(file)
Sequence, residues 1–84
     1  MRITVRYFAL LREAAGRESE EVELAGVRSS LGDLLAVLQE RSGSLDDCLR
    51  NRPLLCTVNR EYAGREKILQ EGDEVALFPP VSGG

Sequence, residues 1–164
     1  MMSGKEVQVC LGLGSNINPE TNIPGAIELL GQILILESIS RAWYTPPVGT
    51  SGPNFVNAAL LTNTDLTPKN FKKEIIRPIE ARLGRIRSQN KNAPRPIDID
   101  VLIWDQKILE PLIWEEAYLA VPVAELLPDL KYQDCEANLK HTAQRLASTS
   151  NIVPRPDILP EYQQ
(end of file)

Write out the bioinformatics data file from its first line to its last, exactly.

Sequence, residues 1–84
     1  MRITVRYFAL LREAAGRESE EVELAGVRSS LGDLLAVLQE RSGSLDDCLR
    51  NRPLLCTVNR EYAGREKILQ EGDEVALFPP VSGG

Sequence, residues 1–164
     1  MMSGKEVQVC LGLGSNINPE TNIPGAIELL GQILILESIS RAWYTPPVGT
    51  SGPNFVNAAL LTNTDLTPKN FKKEIIRPIE ARLGRIRSQN KNAPRPIDID
   101  VLIWDQKILE PLIWEEAYLA VPVAELLPDL KYQDCEANLK HTAQRLASTS
   151  NIVPRPDILP EYQQ